Teddy's Story

Chapter 12: Please, I Beg of You, Just Stop the Beeping

Our NICU room had been so inviting and cozy. The walls were a warm color and there was artwork and furniture to make you feel comfortable. We had developed these wonderful relationships and they all let us do everything we felt comfortable doing, without hovering over us. While we never left him during the day, we felt comfortable leaving him at night after he fell asleep, knowing they were there and would call us immediately if anything happened. It was a warm, safe bubble that we had all built together and I definitely took it for granted. 

The TICU was none of those things, at least in my mind at the time. When you walked in the room, you immediately knew you were in a hospital room. I think the walls did have color, purple I think, but It was very stark. It was a bigger room and had an echo. I don’t remember there being a couch and the bigger recliner chair was on the other side of the room. And if I remember correctly, we used a smaller portable chair to be able to sit by his bedside. No one seemed excited to have us there. Sure, they thought Teddy was cute, but it seemed they had never had another EA child before and they were definitely not familiar with all it required.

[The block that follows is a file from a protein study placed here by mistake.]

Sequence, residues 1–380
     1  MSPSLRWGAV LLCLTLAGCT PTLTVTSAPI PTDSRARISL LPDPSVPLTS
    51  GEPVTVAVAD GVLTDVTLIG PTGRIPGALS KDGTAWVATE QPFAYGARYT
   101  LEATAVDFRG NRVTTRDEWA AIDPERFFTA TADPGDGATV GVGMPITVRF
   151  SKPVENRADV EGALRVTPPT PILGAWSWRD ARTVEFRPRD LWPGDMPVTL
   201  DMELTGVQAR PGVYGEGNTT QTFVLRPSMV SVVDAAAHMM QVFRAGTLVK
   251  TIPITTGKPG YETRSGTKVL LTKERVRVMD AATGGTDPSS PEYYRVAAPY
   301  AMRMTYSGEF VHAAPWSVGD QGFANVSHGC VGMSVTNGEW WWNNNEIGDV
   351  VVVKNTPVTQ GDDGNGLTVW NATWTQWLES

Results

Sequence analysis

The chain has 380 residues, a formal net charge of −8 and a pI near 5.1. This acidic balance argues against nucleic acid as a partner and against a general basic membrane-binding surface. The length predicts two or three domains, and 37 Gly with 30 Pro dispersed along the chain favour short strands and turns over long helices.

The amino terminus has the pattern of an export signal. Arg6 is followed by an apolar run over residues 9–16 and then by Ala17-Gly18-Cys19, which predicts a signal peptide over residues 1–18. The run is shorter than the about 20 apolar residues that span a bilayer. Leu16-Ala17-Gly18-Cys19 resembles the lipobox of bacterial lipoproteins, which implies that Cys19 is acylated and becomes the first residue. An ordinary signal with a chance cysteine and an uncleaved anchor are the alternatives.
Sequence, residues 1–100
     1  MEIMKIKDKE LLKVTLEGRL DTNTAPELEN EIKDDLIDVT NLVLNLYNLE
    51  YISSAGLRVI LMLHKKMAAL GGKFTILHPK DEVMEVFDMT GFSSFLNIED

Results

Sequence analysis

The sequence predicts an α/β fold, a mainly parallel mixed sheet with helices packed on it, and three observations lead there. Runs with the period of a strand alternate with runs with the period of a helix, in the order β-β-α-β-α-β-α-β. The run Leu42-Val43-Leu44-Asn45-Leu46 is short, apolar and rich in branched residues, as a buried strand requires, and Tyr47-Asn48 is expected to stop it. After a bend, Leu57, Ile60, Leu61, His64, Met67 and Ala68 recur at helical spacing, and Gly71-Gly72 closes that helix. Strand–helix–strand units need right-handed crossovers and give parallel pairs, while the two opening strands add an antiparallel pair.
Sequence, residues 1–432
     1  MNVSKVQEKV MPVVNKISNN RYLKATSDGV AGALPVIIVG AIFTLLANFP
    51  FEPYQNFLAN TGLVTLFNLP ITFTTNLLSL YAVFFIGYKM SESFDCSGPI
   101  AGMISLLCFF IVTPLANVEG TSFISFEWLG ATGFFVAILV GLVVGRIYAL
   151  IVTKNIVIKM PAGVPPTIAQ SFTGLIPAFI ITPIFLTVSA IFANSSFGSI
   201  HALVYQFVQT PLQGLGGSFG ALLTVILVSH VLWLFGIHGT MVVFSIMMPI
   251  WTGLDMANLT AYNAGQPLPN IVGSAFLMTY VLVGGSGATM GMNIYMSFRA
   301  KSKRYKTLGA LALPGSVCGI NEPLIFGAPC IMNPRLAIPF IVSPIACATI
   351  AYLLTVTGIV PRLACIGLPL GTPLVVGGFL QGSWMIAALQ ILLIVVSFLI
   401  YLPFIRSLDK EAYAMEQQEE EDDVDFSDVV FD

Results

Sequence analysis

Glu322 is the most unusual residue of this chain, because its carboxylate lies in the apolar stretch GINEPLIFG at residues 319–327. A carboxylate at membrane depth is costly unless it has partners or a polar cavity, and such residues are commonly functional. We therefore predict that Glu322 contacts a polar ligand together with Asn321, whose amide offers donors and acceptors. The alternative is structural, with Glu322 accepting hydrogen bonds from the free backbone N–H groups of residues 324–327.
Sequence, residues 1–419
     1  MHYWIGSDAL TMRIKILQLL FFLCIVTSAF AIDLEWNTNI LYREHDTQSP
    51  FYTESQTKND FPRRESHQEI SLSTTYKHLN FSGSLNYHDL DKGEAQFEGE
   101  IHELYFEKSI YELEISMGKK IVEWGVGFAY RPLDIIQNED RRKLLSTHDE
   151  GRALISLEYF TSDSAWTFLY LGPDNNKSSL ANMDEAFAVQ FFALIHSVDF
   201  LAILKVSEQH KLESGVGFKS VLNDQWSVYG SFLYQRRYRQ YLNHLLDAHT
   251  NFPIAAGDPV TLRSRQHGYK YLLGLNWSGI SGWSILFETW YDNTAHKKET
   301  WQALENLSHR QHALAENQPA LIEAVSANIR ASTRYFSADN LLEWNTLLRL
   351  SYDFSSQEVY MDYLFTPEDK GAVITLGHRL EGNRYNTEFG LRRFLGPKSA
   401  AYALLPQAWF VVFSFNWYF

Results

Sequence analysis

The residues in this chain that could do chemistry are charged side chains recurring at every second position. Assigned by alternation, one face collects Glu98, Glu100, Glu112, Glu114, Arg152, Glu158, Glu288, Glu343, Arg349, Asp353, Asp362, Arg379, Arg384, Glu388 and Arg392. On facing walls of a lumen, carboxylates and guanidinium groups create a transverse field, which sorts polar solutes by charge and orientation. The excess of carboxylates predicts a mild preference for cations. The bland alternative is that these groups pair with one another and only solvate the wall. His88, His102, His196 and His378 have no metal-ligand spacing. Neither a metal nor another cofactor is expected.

You see, the TICU is meant to be a transitional, short-term unit. They are not set up to house the long-term patients. They are simply there to help transition a PICU/NICU child to the floor. So, when they are stable enough to not need the intensive care an ICU provides, but still need an extra few days to get strong enough to be able to be transferred to the floor, they go to the TICU.  So, when we rolled in with our kiddo that would never be able to go to the floor (at least at our hospital where they would not be equipped to handle it) and wasn’t able to go back to the NICU since we had been home and not sick enough to go to the PICU, everyone was just confused.  The doctors also seemed confused about exactly how to handle us, because they were not used to trying to manage a long-term patient, especially with a rare condition they had never seen. 

There just seemed to be this overall feeling of annoyance and I certainly was not helping matters with aggravation over it all. The trust we had built with our NICU nurses was gone and we were having to restart with this whole new set of nurses that were not used to parents wanting to do it all. They didn’t seem to think we were capable (I know they were just doing their jobs), but we had literally just been home because everyone knew we were capable of taking care of him. Also, the doctors and nurses were less personable. They didn’t seem to really want to talk to us and get to know us or the situation at hand. We didn’t feel comfortable leaving him at night, so we started spending the night in the horribly uncomfortable chair.